The devastation of the Queensland election will leave many Labor supporters wondering what is happening. It only seems like yesterday that Labor held all governments and the Coalition did not win a single state or territory election for a decade. Today, the only majority Labor Government left is South Australia, there is no guarantee of victory in the territories and Labor’s primary vote seems stagnant in the high 20s/low 30s.
A recent Fabians event in Canberra examined voting trends in Australia over the past decades and its implications for the ALP with Professor Ian McAllister. Professor McAllister runs the Australian Election Study and used data from the studies to identify voting trends. Notably, the talk examined some of the voting groups that swung against Labor since the high point of 2007.
In 2010, the previous edge Labor had with ethnic voters disappeared and double digit swings from Labor were recorded amongst government employees and union members but most stark was Labor’s youth vote. Between the 2007 and 2010 elections, there was a shift of 18% of 18-24 year olds from Labor. This should sound alarm bells for Labor and its MPs. It is a growing problem as there is an increasing trend of minor party or non-party identification by each generation. It was 37% for Generation Y in 2007 compared to 27% for Generation X and 20% for the Baby Boomers. Given trends over the past decades, this is likely to have increased.
What makes this more dangerous for Labor is, as Professor McAllister noted for the first time, the Greens had a high vote retention rate. They retained 55% of their vote from the previous election whereas they had not before. In contrast, the Australian Democrats had a churn of 60% of their vote at each election.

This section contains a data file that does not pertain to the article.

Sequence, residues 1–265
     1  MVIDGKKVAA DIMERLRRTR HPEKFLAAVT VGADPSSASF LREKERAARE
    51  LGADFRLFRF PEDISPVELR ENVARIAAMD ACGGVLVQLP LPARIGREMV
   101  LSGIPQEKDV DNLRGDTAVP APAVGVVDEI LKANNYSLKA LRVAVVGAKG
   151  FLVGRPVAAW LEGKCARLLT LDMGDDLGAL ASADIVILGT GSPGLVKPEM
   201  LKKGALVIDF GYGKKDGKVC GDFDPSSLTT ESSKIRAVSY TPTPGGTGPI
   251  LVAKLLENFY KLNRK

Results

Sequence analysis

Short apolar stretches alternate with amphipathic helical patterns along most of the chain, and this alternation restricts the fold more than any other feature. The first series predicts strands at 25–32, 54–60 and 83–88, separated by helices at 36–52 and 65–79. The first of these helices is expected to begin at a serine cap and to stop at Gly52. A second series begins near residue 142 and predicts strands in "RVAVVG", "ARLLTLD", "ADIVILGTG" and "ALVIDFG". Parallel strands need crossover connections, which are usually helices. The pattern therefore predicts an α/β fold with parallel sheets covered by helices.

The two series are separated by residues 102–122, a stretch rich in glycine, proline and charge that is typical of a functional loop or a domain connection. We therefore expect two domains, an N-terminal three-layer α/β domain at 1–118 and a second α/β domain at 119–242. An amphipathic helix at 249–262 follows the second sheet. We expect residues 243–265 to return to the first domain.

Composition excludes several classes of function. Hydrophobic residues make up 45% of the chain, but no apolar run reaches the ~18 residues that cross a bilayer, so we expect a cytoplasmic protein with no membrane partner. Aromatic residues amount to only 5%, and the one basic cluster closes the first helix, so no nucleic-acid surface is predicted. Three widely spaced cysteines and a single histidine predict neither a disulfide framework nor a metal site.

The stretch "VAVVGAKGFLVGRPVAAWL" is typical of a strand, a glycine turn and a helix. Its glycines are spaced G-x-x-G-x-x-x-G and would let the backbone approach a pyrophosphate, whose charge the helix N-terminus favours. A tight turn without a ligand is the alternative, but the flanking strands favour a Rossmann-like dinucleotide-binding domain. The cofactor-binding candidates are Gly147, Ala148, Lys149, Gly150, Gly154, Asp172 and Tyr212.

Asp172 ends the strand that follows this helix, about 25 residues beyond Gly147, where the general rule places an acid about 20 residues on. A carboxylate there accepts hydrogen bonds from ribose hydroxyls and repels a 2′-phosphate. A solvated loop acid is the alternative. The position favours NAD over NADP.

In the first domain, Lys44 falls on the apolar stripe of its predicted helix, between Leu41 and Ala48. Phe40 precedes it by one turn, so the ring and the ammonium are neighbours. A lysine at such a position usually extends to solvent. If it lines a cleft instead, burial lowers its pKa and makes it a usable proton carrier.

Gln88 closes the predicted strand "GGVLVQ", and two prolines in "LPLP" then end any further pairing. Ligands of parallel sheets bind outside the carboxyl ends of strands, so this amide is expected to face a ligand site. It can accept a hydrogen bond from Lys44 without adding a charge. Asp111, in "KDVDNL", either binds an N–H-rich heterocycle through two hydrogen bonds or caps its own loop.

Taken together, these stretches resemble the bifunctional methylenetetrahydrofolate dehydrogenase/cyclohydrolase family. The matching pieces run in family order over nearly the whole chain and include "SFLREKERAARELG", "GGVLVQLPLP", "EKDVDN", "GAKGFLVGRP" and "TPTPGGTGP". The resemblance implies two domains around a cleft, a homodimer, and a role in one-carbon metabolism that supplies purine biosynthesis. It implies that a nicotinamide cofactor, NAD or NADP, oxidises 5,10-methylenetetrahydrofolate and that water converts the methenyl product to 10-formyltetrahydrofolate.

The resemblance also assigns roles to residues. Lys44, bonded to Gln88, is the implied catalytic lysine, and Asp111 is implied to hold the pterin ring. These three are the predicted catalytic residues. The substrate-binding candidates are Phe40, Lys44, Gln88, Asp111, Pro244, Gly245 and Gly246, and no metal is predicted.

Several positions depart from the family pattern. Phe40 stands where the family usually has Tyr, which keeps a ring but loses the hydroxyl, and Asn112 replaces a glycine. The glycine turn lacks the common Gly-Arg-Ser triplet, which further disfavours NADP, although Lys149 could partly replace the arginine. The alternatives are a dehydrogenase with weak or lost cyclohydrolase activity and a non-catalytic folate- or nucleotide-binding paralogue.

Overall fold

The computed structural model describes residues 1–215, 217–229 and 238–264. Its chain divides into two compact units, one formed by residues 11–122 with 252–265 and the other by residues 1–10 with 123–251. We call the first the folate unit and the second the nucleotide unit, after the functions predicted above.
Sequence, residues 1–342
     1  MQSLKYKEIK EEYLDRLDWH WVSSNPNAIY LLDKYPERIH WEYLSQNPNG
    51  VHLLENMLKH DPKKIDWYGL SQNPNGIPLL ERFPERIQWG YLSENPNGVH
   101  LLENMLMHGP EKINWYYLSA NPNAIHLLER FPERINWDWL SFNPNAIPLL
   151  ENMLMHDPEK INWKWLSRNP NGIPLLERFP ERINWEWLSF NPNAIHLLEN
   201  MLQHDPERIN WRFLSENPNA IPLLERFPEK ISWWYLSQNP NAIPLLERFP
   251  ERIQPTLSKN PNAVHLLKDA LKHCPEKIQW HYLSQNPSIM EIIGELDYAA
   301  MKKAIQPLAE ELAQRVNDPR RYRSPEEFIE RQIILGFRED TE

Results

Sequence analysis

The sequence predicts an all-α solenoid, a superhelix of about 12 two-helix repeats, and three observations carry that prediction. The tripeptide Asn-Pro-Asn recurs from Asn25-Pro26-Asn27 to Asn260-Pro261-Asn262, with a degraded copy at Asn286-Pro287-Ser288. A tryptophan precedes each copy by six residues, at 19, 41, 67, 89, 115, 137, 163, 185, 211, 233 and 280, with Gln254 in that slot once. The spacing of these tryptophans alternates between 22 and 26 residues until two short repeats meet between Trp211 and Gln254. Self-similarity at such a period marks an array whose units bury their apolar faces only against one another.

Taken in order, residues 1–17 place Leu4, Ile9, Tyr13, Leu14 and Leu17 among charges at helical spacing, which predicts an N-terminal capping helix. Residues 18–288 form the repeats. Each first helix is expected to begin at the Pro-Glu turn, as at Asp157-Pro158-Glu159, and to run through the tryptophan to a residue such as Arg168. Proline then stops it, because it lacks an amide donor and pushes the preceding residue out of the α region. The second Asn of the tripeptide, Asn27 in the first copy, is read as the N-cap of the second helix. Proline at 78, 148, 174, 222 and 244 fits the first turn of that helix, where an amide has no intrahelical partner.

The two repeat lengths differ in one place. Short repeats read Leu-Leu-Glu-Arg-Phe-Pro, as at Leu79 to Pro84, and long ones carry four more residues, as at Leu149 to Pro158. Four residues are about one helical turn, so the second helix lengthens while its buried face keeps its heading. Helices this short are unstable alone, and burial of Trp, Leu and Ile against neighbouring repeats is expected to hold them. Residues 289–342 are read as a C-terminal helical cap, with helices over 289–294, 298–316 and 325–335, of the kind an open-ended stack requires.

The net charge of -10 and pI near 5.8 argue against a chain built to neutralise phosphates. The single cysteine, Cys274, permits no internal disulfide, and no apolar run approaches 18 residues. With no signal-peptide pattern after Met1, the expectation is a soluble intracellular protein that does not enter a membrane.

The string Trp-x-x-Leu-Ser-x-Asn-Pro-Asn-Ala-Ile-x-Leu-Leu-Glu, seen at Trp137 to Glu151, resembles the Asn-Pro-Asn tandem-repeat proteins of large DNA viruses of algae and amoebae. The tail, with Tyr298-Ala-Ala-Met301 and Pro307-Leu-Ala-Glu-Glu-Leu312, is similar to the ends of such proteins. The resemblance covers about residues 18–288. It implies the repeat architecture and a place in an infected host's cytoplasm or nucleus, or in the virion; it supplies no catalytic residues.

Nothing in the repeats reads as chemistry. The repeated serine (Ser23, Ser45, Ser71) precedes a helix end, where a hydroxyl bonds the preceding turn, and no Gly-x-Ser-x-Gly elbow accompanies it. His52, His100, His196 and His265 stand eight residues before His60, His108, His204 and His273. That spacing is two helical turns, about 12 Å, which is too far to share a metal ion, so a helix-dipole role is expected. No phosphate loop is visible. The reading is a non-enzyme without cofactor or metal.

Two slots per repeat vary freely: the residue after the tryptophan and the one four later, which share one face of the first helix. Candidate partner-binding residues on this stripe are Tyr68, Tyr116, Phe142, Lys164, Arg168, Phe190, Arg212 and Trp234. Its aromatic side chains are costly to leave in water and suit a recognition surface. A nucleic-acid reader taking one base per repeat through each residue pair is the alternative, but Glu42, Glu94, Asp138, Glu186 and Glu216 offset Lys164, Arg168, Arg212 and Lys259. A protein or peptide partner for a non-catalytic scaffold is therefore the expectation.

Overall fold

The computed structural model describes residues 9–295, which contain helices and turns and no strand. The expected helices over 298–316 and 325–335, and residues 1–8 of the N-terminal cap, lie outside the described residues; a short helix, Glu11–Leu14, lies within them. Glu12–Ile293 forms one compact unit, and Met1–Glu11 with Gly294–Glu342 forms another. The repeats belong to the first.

There are massive implications as it creates a base from which the Greens vote can grow, primarily at Labor’s expense, chipping away and slowly growing, particularly if a large portion of this Generation Y’s vote is won and kept.
Why has this happened? In part because of the decline of historical social bases but it doesn’t explain why Labor’s primary vote held up as it did until it was in Federal Government. During a Howard era, Labor at least maintained its monopoly as “the left-wing of the possible.” It was the alternative where pragmatic opponents rallied to.
When it formed government and disappointed its base on a range of issues, most notably refugees, marriage equality, climate change and quite timid changes to industrial relations laws, and allowed the Greens to seemingly exert influence, it lost this mantle and any sense that it was committed to values or ideals. In the pursuit of an idealised centre, it took its base for granted.
Labor’s current problem is best summed up by Sheri Berman who noted in the Primacy of Politics that:
It is possible to win elections without proclaiming any commitment to ideology or a desire to change the world. But over time, the parties that do so become dead men walking, losing momentum, enthusiasm, and the ability to weather difficulties.
This is the challenge that Labor like many other social democratic parties must now confront. How successfully it can is yet to be seen.